In the United States, current bird flu preparedness and surveillance activities are largely focused on H5N1 bird flu, which is widespread in U.S. wild birds and has caused extensive outbreaks in U.S. poultry, with sporadic spillover to some mammals. The current risk to the U.S. general public from H5N1 bird flu viruses remains low at this time; however, it is important to remember that risk depends on exposure, and people with more exposure might have a greater risk of infection. CDC has guidance for specific groups of people with exposure to poultry, including poultry workers and people responding to outbreaks of avian influenza A(H5N1) in poultry. Additional information on protective actions around birds, including what to do if you find a dead bird, is available as well.

Currently, CDC does not recommend against travel to any countries due to bird flu viruses. CDC recommends that travelers to countries and states with bird flu outbreaks in poultry or people:

  • Do not visit poultry farms, bird markets, or other places where live poultry are raised, kept, or sold, if possible.
  • Do not eat raw or undercooked poultry products and wash your hands after touching uncooked poultry.
  • Practice good hygiene and cleanliness.
  • Visit a health care provider if you become sick during or after travel.

CDC is following global developments related to avian influenza closely and will continue to provide further updates to the situation and update guidance as needed.

  1. World Health Organization (11 April 2023). Disease Outbreak News; Avian Influenza A (H3N8) – China. Available at
  2. World Health Organization WPR. Avian Influenza Weekly Update Number 890. April 2023.—documents/emergency/surveillance/avian-influenza/ai_20230407.pdf?Status=Master&sfvrsn=22ea0816_26 [229 KB, 4 pages]
  3. Wan Z, Jiang W, Gong J, Zhao Z, Tang T, Li Y, Zhang J, Xie Q, Li T, Shao H, Liu J, Qin A, Ye J. Emergence of chicken infection with novel reassortant H3N8 avian influenza viruses genetically close to human H3N8 isolate, China. Emerg Microbes Infect. 2022 Dec;11(1):2553-2555. doi: 10.1080/22221751.2022.2128437. PMID: 36150006; PMCID: PMC9621203.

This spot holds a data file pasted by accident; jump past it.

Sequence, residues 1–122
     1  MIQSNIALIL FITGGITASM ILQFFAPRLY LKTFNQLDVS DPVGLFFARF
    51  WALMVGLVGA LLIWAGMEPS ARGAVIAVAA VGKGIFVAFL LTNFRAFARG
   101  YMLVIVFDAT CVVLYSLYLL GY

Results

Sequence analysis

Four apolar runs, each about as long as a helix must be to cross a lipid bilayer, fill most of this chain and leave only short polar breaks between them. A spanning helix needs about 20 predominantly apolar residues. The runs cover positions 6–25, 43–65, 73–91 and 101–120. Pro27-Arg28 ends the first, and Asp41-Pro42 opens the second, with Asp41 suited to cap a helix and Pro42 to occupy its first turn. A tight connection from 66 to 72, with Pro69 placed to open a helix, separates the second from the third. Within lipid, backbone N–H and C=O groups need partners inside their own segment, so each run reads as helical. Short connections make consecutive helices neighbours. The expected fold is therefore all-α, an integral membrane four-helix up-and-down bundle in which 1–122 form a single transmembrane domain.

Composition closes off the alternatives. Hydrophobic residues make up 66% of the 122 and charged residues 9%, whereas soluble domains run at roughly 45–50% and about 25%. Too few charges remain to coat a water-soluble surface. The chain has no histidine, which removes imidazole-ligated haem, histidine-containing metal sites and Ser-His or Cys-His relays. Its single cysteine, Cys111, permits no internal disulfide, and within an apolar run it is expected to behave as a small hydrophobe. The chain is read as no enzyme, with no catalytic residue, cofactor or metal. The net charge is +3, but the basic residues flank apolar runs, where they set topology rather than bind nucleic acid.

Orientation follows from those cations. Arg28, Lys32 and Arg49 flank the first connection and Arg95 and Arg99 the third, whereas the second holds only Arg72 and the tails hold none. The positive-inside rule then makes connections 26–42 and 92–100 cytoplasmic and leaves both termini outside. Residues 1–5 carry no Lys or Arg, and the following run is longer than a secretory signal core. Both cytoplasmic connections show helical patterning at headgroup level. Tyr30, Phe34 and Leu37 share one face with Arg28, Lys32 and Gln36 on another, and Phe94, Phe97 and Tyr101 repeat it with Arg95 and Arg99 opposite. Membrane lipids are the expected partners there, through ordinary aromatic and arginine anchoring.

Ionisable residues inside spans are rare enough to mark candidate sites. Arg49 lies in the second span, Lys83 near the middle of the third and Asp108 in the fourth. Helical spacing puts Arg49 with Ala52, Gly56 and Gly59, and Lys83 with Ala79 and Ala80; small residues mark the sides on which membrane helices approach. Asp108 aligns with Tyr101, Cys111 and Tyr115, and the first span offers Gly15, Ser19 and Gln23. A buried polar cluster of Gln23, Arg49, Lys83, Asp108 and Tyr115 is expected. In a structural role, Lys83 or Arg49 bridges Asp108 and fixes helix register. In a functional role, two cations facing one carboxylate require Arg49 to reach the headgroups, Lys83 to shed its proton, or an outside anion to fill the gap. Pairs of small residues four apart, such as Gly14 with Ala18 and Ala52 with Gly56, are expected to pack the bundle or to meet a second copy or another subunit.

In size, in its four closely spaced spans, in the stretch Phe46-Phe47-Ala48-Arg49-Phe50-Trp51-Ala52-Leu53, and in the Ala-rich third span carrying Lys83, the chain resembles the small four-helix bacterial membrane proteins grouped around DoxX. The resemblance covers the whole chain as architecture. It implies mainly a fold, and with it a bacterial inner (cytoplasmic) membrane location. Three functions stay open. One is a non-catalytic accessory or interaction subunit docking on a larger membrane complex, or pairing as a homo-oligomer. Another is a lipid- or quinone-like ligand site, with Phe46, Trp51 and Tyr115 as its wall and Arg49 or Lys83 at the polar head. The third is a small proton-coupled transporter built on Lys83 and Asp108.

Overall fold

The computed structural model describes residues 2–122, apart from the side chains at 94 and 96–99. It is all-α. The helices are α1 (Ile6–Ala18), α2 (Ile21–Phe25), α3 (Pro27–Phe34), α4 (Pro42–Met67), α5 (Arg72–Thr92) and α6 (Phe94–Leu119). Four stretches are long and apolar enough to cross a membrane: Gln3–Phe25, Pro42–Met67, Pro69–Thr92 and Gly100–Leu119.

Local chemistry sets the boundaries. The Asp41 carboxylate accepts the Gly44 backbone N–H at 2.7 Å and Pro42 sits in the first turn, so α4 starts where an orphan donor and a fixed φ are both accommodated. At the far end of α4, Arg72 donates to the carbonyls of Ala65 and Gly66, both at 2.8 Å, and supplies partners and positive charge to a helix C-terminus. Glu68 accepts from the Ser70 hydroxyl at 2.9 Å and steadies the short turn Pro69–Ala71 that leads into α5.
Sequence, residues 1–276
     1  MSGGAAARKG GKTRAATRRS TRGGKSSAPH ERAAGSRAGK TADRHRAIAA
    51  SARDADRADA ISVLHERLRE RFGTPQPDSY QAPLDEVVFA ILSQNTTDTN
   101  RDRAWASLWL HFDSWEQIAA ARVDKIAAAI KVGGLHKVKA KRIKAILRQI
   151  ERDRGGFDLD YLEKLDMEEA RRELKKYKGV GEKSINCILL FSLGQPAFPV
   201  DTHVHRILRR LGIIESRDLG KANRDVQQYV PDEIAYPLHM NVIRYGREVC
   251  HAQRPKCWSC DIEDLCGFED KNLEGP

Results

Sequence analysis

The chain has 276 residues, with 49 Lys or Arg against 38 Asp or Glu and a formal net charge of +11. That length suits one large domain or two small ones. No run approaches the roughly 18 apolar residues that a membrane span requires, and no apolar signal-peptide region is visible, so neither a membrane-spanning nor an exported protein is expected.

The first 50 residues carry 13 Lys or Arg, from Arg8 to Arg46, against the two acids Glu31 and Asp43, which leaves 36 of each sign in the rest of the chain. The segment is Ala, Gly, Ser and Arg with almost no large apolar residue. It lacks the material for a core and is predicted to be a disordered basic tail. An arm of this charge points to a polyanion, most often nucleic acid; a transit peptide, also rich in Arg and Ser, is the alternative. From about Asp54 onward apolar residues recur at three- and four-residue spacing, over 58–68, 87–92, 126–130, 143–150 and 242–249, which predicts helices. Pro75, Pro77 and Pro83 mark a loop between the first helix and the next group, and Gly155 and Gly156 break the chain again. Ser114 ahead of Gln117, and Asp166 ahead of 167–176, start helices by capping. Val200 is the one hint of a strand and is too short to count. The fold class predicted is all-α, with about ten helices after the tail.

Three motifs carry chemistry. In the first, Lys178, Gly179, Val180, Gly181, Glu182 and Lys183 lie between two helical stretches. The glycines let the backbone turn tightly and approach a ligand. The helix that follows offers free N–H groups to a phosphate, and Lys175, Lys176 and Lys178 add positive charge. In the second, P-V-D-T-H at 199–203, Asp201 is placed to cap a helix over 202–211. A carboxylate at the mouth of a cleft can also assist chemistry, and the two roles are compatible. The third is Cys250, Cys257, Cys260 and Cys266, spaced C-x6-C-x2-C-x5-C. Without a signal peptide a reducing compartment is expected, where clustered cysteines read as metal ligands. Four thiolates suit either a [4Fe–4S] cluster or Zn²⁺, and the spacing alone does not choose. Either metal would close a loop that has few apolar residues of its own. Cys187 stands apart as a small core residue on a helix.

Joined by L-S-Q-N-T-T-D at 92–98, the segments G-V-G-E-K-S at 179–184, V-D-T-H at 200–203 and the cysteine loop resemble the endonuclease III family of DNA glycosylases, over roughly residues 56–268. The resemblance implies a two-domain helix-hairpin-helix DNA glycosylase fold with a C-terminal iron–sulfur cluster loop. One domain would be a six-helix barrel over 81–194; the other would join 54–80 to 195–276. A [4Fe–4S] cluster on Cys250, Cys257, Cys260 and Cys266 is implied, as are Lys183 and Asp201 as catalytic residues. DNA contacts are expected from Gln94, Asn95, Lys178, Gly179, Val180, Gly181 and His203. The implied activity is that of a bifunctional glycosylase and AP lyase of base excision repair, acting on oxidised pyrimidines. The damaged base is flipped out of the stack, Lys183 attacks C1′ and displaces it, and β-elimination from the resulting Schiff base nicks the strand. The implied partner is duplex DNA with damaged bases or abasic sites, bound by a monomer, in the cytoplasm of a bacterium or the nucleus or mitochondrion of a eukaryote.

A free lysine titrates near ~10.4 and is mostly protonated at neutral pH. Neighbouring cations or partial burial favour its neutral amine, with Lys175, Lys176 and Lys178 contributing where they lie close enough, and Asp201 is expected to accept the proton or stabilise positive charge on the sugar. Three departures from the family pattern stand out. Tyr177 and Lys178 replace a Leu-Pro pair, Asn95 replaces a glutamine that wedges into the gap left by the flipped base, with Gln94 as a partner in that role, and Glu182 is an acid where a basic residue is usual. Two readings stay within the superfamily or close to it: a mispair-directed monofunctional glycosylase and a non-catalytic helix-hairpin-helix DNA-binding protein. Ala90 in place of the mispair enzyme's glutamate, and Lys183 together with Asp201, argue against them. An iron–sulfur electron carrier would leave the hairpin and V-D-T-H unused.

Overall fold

4. Dongliang Cheng, Yueli Dong, Shifang Wen, Changsong Shi, A child with acute respiratory distress syndrome caused by avian influenza H3N8 virus, Journal of Infection, Volume 85, Issue 2, 2022, Pages 174-211, ISSN 0163-4453,
  5. Bao, P., Liu, Y., Zhang, X. et al. Human infection with a reassortment avian influenza A H3N8 virus: an epidemiological investigation study. Nat Commun 13, 6817 (2022).
  6. Xin Tan, XiaoTian Yan, Yang Liu, Ying Wu, Ji Yang Liu, Mi Mu, Jie Zhao, XiangYun Wang, Jie Qiong Li, Long Wen, Peng Guo, Zhi Guo Zhou, Xiu Bin Li & Peng Tao Bao (2022) A case of human infection by H3N8 influenza virus, Emerging Microbes & Infections, 11:1, 2214-2217,
  7. Anthony, S. J., St. Leger, J. A., Pugliares, K., Ip, H. S., Chan, J. M., Carpenter, Z. W., Navarrete-Macias, I., Sanchez-Leon, M., Saliki, J. T., Pedersen, J., Karesh, W., Daszak, P., Rabadan, R., Rowles, T., & Lipkin, W. I. (2012). Emergence of fatal avian influenza in New England Harbor Seals. MBio, 3(4).

This spotlight was first posted on April 10 and subsequently updated on April 14 to include additional information from two WHO reports, including the fact that the patient died from their illness and had multiple underlying conditions that would have placed them at higher risk of developing serious complications from influenza A virus infections.